Frontotemporal craniotomy, also known as “pterional craniotomy” (PC), provides an optimal microscopic exposure and a wide open working space for manipulation of intracranial structures, and it has been widely used in the field of neurosurgery for treatment of lesions in the anterior and posterior circulations 1).
Other frontotemporal craniotomies derived from the pterional 2) 3) and supraorbital 4) craniotomies, as are the combined epi- and subdural approach with anterior clinoid removal 5) 6) and the orbitozygomatic extension of the pterional craniotomy 7) 8).
The pterional craniotomy is well established for microsurgical clipping of most anterior circulation aneurysms. The incision and temporalis muscle dissection impacts postoperative recovery and cosmetic outcomes.
The minipterional (MPT) craniotomy offers similar microsurgical corridors, with a substantially shorter incision, less muscle dissection, and a smaller craniotomy flap.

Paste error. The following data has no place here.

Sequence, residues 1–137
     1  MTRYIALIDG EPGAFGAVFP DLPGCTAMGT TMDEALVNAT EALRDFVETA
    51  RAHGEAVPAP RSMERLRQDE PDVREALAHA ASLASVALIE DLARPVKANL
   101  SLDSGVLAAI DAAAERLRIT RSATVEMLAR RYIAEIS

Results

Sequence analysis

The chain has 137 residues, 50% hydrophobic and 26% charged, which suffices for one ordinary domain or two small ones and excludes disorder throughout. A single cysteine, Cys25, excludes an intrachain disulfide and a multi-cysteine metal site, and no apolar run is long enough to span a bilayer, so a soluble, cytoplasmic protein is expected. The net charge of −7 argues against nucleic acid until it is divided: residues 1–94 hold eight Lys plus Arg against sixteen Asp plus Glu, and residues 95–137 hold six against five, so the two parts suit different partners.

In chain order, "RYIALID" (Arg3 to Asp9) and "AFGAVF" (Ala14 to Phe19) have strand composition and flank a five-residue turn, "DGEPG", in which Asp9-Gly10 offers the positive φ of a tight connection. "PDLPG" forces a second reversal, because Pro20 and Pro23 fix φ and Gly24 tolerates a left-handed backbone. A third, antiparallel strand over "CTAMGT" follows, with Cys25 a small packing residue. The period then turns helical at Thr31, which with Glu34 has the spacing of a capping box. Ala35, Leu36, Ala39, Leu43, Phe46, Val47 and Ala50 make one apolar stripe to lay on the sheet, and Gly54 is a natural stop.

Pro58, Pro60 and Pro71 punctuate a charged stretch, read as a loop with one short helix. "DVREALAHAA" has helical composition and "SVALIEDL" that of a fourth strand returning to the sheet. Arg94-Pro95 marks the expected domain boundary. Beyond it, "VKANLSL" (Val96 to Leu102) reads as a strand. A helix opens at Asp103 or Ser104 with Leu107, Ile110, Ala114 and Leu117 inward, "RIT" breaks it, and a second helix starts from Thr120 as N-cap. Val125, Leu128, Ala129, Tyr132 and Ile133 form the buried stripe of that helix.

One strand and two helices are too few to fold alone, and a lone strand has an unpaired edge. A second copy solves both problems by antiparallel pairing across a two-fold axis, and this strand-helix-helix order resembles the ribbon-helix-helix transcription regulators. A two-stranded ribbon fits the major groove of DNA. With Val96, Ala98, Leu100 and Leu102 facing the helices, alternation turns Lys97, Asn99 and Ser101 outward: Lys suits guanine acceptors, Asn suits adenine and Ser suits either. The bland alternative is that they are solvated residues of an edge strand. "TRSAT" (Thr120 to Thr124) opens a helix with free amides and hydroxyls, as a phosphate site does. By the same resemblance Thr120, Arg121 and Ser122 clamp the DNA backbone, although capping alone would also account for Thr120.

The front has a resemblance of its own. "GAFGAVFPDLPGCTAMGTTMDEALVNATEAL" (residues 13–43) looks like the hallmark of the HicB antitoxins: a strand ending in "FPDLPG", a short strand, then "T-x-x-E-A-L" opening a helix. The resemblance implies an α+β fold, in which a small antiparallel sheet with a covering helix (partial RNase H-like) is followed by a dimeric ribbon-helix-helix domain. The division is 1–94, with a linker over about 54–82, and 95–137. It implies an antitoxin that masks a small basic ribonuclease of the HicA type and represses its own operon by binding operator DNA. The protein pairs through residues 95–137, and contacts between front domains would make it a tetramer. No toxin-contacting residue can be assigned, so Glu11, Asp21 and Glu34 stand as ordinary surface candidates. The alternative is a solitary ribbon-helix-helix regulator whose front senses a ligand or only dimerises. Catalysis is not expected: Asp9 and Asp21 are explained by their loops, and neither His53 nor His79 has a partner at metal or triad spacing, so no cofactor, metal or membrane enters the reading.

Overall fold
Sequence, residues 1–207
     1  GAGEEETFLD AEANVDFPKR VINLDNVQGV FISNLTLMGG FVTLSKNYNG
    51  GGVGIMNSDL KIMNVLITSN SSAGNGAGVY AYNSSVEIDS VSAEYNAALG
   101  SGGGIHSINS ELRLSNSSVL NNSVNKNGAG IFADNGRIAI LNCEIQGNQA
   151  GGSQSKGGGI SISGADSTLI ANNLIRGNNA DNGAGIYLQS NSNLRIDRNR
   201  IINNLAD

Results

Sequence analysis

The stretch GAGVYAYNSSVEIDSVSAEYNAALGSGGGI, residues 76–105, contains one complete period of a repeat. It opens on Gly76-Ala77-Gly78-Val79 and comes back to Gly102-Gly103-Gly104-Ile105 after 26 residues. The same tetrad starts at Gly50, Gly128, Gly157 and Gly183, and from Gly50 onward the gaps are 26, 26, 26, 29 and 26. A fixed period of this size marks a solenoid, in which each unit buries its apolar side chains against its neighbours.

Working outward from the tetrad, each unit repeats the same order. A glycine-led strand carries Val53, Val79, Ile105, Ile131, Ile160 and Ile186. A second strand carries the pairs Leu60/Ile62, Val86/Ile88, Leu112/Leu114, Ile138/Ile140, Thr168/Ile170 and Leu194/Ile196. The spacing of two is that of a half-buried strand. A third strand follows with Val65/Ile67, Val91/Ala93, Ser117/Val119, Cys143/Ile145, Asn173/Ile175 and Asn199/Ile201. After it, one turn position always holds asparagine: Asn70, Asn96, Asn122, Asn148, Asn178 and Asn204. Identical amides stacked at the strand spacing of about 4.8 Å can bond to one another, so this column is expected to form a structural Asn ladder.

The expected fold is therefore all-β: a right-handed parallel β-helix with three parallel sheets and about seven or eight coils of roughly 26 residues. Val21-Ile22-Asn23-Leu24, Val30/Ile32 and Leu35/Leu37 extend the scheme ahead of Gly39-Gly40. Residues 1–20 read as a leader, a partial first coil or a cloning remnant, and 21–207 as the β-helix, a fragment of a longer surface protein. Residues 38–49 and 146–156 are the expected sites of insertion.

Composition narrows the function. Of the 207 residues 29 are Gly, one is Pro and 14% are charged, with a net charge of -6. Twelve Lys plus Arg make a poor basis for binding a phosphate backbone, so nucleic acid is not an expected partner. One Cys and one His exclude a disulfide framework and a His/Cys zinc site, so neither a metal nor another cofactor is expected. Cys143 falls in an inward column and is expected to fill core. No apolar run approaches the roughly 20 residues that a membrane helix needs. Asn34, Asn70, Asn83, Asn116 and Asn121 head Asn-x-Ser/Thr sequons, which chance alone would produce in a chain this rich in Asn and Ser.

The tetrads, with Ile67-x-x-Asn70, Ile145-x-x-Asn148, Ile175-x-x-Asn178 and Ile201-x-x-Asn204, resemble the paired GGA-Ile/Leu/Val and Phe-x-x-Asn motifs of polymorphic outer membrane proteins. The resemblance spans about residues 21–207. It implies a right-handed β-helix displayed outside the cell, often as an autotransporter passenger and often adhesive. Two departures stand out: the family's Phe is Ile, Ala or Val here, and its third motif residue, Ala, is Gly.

Temporal hollowing occurs to varying degrees after pterional craniotomy. The most common cause of temporal hollowing is a bone defect of the pterional and temporal regions due to the resection of the sphenoid ridge and temporal squama for adequate exposure without overhang. The augmentation of such bony defects is important in preventing craniofacial deformities and postoperative hollowness. Temporal cranioplasty has been performed using a range of materials, such as acrylics, porous polyethylene, bone cement, titanium, muscle flaps, and prosthetic dermis. These methods are limited by the risk of damage to adjacent tissue and infection, a prolonged preparation phase, the possibility of reabsorption, and cost inefficiency. We have developed a method of temporal augmentation using a calvarial onlay graft as a single-stage neurosurgical reconstructive operation in patients requiring craniotomy. In this report, we describe the surgical details and review our institutional outcomes. The patients were divided into pterional craniotomy and onlay graft groups. Clinical temporal hollowing was assessed using a visual analog scale (VAS). Temporal soft tissue thickness was measured on preoperative and postoperative computed tomography (CT) studies. Both the VAS and CT-based assessments were compared between the groups. Our review indicated that the use of an onlay graft was associated with a lower VAS score and left-right discrepancy in the temporal contour than were observed in patients undergoing pterional craniotomy without an onlay graft 9).